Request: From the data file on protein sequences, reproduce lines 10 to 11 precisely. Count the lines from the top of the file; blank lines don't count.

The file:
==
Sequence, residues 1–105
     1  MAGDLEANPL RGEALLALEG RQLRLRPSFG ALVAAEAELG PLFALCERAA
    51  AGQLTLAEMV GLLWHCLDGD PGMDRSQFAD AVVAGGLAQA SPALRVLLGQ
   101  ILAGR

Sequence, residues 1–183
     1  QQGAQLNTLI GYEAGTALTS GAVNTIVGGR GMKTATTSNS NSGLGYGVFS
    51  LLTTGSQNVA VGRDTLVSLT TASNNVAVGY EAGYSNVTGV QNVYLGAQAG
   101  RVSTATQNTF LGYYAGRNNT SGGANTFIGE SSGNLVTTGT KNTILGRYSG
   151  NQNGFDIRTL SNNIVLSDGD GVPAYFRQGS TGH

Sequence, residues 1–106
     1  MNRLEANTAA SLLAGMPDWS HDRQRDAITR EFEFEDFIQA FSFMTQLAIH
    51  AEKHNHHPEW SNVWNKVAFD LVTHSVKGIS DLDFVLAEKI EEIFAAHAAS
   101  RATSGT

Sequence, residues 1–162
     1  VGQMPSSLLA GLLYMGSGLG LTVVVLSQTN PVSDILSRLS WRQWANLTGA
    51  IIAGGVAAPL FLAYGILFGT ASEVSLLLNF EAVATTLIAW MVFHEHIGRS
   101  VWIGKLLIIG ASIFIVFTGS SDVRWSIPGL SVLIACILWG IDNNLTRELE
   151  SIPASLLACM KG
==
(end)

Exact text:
Sequence, residues 1–106
     1  MNRLEANTAA SLLAGMPDWS HDRQRDAITR EFEFEDFIQA FSFMTQLAIH